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Pompeii test 2

This is for Tulane...you probably won't find it very useful

QuestionAnswer
Pontifices Term for Christian Bishops.
pontifex maximus High priest of the College of Pontiffs in Rome. Until 254 AD. Had status as the most important religious figure. The Pope.
Flamines A priest assigned to one of fifteen deities with official cults.
(Flamen Dialis High Priest of Jupiter
Flamen Martialis High Priest of Mars
Flamen Quirinalis High Priest of Quirinus
rex sacrorum The Flamines priest chosen by the pontifex maximus to be the leader of the all.
Vestal Virgins Chast priestesses of Vesta, goddess of the hearth
Augurs A basic priest
haruspex (pl. haruspices) A man trained to practice haruspicy – a study of entrails of sacrificed animals
Venus God of beauty/sex
Apollo God of light/sun
Hercules Demi-god known for his great strength
Bacchus God of wine, and ecstasy
Capitoline Triad Three dieties (Jupiter, Juno, Minerva) worshipped at Capitoline Hill
(Jupiter King of the god/ god of lighting and thunder
Juno Goddess of love, marriage, and fertility
Minerva Goddess of medicine, commerce, magic, wisdom, and other dumb shit
Augustus/Augusta First Emperor of the Roman Empire. Took rule in 27 BC. Declared a god after his death
divus / diva A vote for the deceased by the senate to turn him into a god
apotheosis The glorification of a subject to a divine level. Like Augustus did.
Heroon A shrine dedicated to a ancient Greek or Roman hero and used for cult worship.
Augustales Those who declared full respect and admiration to the Empire.
Lares Compitales Guardian spirits of the cross-roads. In 7 BC, Augustus had alters built for them in all 265 streets of Rome.
Augustaeum A temple or building dedicated to Emperor Augustus
Augustalium A specific building found in Pompeii dedicated to Augustus.
Funeral of Julius Caesar July 44 BC
Temple of Divus Julius built 29 BC
First cults of Augustus & Dea Roma established in Bithynia-Pontus 29 BC
Cult of Lares Augusti established at Rome 7 BC
Cult of the numen Augusti established at Rome AD 6 - It just kinda did
Death and deification of Augustus AD 14
First temple of Divus Augustus AD 15 at Tarraco in Spain
vicus (city ward) A small neighborhood in Rome. 265 existed. Each had an elected leader and a bit of power but not much. Also applied to small, unofficial towns which sprung up (mostly military camps).
vicani (residents of a ward) Someone who lived in a viscus.
compitum (-a) Crossroads. The section where two important Roman roads cross.
Lares Compitales Dieties of Roman religion. Kind of like Saints. Cult statues of women who were held inside at important places…like compitums and people’s homes.
Vicomagistri Each Viscus elected four local magistrate who ran the police and be involved in celebrations.
Forenses/Campaniense/salinienses/Urbulanenses…These are names of different groups within Pompeii. They all had different voting methods, showing that different viscus’ had different cultures and methods. Crossroads. The section where two important Roman roads cross.
Cistern Ancient tool used to collect rainwater. Basically a large box structure that caught it. Used in areas where water was sparse.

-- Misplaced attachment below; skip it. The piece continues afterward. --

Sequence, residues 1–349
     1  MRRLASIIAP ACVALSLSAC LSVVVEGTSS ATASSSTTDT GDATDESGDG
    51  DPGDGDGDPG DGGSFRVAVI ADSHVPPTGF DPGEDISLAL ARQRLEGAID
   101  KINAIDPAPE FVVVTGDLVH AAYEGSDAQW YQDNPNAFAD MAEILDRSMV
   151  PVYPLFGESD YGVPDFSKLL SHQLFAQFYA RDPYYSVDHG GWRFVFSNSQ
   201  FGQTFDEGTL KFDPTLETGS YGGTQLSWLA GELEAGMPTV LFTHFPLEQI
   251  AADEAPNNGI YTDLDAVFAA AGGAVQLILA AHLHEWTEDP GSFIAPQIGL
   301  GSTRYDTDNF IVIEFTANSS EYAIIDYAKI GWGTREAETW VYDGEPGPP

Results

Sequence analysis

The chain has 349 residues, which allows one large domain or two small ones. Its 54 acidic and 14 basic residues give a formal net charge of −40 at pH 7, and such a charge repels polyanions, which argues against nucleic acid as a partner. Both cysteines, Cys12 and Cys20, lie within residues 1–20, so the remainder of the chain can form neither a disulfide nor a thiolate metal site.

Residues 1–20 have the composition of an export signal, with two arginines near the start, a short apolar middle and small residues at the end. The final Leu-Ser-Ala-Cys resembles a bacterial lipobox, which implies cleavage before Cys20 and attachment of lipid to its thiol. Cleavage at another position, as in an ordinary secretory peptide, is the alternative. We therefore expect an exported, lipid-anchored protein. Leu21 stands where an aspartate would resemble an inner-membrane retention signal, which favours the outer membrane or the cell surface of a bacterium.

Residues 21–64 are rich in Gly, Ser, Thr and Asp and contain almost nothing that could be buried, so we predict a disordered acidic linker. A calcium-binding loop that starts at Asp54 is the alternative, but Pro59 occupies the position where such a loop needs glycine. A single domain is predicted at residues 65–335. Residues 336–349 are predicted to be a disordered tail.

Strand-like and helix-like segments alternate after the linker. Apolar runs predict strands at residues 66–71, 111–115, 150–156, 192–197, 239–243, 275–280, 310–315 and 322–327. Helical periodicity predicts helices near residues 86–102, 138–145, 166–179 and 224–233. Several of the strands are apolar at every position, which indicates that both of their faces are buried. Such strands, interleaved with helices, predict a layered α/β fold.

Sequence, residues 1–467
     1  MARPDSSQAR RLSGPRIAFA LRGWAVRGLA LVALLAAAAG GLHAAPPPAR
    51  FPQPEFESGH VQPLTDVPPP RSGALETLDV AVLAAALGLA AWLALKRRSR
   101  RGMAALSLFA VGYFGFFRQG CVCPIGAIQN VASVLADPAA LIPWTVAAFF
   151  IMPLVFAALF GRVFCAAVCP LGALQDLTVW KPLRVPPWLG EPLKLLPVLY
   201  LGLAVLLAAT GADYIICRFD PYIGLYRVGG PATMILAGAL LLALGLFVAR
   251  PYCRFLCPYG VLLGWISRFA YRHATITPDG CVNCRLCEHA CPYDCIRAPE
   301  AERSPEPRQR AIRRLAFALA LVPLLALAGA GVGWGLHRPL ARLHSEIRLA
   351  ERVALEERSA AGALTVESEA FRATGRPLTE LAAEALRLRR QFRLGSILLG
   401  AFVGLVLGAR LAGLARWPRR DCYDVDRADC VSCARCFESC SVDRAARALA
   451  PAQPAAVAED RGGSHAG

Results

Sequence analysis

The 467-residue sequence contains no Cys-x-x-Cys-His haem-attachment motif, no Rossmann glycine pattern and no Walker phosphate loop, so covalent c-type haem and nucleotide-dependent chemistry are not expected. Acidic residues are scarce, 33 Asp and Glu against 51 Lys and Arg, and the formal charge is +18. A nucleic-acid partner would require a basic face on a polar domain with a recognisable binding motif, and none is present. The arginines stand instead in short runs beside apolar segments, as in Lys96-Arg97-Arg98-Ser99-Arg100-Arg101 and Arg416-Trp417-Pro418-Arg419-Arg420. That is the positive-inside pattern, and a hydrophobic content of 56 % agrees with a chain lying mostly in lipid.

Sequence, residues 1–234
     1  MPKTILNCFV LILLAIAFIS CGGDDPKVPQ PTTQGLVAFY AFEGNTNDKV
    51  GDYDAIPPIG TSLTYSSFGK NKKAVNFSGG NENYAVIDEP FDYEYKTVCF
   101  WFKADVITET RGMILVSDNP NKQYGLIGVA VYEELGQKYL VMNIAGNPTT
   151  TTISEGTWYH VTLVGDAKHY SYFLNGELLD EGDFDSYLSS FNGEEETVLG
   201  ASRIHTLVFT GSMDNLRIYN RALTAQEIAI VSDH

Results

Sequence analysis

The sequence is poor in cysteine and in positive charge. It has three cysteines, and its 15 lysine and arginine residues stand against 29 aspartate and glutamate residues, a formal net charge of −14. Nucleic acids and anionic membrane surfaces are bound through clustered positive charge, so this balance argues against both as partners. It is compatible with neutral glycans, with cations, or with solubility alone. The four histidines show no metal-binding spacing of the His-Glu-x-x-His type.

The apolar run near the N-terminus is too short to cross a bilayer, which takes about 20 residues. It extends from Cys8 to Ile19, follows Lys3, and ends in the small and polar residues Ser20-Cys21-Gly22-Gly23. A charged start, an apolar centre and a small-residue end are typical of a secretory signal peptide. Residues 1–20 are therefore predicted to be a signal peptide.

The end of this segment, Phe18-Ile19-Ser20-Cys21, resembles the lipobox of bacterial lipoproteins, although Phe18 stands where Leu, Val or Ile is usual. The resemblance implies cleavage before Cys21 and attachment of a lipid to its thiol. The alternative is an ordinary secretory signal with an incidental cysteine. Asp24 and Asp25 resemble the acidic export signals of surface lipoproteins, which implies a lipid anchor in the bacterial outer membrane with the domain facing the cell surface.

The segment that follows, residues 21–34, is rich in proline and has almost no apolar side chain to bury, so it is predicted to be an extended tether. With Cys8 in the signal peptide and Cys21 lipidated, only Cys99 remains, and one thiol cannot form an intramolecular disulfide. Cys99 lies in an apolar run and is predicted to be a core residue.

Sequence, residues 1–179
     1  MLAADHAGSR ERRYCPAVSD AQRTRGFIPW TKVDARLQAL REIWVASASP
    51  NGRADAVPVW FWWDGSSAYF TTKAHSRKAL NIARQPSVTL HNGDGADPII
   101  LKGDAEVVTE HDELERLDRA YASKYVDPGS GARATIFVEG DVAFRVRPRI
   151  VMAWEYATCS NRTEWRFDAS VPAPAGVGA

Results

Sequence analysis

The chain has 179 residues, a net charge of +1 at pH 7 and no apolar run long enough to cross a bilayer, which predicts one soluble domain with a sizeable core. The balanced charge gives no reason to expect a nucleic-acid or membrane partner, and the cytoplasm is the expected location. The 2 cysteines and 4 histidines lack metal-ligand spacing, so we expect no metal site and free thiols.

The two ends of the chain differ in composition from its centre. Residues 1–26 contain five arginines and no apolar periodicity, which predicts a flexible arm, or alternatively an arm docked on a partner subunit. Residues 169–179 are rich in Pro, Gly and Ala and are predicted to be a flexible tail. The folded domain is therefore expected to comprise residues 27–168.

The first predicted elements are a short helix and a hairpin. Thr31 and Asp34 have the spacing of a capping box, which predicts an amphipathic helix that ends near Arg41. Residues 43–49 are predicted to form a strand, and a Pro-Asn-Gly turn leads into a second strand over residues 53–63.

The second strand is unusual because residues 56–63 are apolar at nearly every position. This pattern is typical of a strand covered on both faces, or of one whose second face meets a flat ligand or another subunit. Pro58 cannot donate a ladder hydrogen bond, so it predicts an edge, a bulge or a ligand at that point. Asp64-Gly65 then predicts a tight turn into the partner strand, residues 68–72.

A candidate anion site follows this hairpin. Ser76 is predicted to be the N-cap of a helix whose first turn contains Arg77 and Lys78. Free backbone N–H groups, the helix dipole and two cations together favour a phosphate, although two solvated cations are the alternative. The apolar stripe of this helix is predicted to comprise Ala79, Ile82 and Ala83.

opus signinum A building material made of broken tile, mixed with mortar/lime and then beaten down into a solid material. Even pottery has been found in the construction.
Compluvium A hole in the roof of a big Roman building to let light/air in. Sloped downward to push rain away.
Impluvium A floor gutter system to wash away the rain that got through the compluvium.
Aqueduct A pipe or otherwise system to transfer water long distances to where it is needed.
specus (water channel in the aqueduct) the type of stone tunnel used to carry water in Roman
castellum aquae (water distribution tank) A holding spot in the aqueduct for water to collect before being released.
Standpipe A pushy pipe to pull water from an aqueduct. Kind of like an old school drinking fountain.
balneum (-a) A smaller scale bathing house that existed all throughout Rome.
therma (-ae) Large, imperial bath houses. The cool ones we should know.
apodyterium (dressing room), A giant changing room. Many different areas were available from here and there were places to sit.
palaestra (exercise grounds) Games, weights, and discus
piscina/natatio (swimming pool), Swimming pool
sudatorium (dry sauna), Swimming pool
caldarium (hot room) hot bath
tepidarium (warm room) warm bath
frigidarium (cold room) cold bath
hypocaust A heating system in which a furnace made heat and traveled through thin walls with holes in them so as to heat the bath house.
tubulus (-i) The type of walls used in the hypocaust
tegula mammata A type of angled roof that allowed hot and cold air to more easily travel in the bathhouse.
Forum Baths Called Forum bath because it was in the forums. Built in 80BC. Slaves and free men both used but the all had to pay for it.
Stabian Baths; Built in 5th century BC, before the Romans showed up. At the junction of Pompeiis two biggest streets. Largest of the three baths. Badly damaged in 62 AD
Central Baths ; Intersection of Via Stabiana and Via di Nola. Built after 62 AD as part of a massive Urban renewal. State of the art
Suburban Baths Public bath house built in 1st century BC. Notable for explicit sex art above lockers. Idea is that people remembered the sex scene to identify their lockers later. Also shows that erotic art not a big deal in Pompeii
Amphitheater Architecture
Cavea Two things, where the animals were kept before entering the arena, and also the seating system where people sat based on their place in a social higherarchy.
Arena Place where people fought and shit.
Podium The seat of honor in an arena. Usually reserved for the emperor.
Hypogeum Underground temple of tomb. Usually reserved for bishops-saints.
Velarium A type of curtain awning hanging above the arena which protected spectators from harsh elements.
munera (gladiatorial events) A work of obligation or duty. The most famous was gladiator contests which was a service or gift to the dead.